The democratic liberties experienced in the United States are easy to take for granted. Many Americans are not afraid to voice their opinions regarding the state of the government, the actions of the president, or new legislation that is expected to pass. After all, our current society was formed through the fiery personalities that resulted in long lasting change. These days, the idea of physical protests have transformed into popular Twitter rants. Nevertheless, we aren’t afraid of being threatened or arrested if we criticize the actions of the government. It’s in both our blood and our constitution; but for those currently living in mainland China and Hong Kong, speaking up is equivalent to risking your life.

Over the summer, the political unrest in Hong Kong seemed to resemble the state of America in the late 20th century. The civil rights and feminist movements that embodied much of that time were conceived from minority groups. Although the causes of the Hong Kong riots vastly differ from those of the 1960s civil rights protests, a common theme links the two together: fear that if you speak out against mistreatment, you will be punished. But how much discomfort can individuals handle before they are driven to the brink of insanity? Is it worth risking your life for what’s right as opposed to suffering in silence? 

While the reasons behind protests can be complex, they all send the same message: “we are people, we want to be seen, we want to be heard and this is the only way.” Oftentimes, protests beget violence, and that is precisely what is occurring on the streets of Hong Kong. It’s no secret that the relationship between Hong Kong and mainland China is tumultuous. The communist influences of China’s government threaten to undermine Hong Kong’s democracy. Currently, the political upheaval in Hong Kong is largely due to Chief Executive’s Carrie Lam’s proposal of the Extradition Bill, which would allow the Hong Kong government to approve of requests from other countries for the extradition of criminal suspects, including countries that do not have an extradition treaty such as mainland China. Those speaking out against the bill worry that individuals will be unjustly subjected to unfair trials and torture under China’s judicial system. Furthermore, it puts Hong Kong residents who work on the mainland at risk, especially those who document social and political issues such as human rights lawyers, activists and journalists, among others.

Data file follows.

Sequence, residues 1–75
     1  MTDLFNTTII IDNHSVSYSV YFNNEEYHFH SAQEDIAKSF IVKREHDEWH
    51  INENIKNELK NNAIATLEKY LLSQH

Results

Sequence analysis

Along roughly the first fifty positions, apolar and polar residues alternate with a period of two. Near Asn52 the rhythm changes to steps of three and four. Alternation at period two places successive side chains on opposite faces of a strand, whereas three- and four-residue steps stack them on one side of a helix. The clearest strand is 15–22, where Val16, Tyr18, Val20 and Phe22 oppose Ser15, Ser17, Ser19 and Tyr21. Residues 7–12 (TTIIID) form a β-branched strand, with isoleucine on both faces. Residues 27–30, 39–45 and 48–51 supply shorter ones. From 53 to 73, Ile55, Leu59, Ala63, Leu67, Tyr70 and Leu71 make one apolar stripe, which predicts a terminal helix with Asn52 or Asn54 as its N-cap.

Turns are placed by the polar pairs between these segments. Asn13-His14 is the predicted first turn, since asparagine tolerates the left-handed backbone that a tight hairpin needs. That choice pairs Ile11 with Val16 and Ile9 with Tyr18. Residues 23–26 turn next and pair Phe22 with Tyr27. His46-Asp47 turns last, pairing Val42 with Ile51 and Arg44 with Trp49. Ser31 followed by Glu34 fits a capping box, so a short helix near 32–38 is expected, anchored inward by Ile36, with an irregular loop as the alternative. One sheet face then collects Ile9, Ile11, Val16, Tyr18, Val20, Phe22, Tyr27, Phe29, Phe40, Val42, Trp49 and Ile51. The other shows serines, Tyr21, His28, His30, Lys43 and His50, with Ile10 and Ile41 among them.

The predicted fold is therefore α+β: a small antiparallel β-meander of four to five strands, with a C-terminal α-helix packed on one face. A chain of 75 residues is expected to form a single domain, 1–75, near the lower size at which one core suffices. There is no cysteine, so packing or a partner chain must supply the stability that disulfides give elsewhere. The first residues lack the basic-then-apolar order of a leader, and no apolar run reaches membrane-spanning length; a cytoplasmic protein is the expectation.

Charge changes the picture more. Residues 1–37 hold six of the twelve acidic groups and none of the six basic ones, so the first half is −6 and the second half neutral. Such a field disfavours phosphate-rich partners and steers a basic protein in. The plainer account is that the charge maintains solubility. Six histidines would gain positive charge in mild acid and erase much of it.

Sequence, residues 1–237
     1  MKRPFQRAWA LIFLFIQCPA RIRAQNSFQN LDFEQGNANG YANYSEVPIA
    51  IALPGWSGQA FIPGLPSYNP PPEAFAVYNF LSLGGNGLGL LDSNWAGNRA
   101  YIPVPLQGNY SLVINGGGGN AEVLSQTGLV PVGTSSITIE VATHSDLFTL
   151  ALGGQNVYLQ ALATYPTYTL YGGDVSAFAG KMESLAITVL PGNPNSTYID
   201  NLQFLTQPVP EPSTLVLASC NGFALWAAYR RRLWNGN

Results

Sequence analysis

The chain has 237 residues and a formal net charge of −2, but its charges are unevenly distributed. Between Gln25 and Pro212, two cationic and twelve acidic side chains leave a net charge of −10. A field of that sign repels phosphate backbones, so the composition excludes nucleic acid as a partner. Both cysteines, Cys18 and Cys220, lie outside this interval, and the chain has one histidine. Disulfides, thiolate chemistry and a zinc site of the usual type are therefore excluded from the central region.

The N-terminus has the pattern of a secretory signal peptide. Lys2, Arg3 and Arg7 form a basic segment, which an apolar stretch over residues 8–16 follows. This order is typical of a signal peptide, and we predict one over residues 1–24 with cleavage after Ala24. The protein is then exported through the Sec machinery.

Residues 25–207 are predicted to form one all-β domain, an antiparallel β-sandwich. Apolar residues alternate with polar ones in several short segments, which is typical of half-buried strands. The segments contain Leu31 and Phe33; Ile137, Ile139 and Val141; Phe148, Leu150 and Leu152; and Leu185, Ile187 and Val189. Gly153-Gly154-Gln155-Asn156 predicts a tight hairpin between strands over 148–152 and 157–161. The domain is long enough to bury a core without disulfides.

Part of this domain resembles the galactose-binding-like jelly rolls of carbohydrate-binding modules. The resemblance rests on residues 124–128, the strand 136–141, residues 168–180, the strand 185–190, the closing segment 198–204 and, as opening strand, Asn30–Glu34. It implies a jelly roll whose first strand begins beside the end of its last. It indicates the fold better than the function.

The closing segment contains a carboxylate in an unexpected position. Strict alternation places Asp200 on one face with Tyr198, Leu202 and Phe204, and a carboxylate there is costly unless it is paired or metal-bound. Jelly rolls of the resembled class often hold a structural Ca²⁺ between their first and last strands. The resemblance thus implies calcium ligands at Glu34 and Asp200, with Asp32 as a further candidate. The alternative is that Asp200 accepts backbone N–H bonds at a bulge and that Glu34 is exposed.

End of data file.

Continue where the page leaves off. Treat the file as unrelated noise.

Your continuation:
Within Lam’s proposal of the Extradition Bill, we continue to see China’s growing influence into the affairs of Hong Kong. The two governments run on differing political ideologies; China remains a communist, totalitarian state, while Hong Kong practices a limited form of democracy. With this in mind, the concerns of Hong Kongers are not dramatized. If they differ in political ideologies, common sense leads anyone to believe that their judicial treatment will differ as well.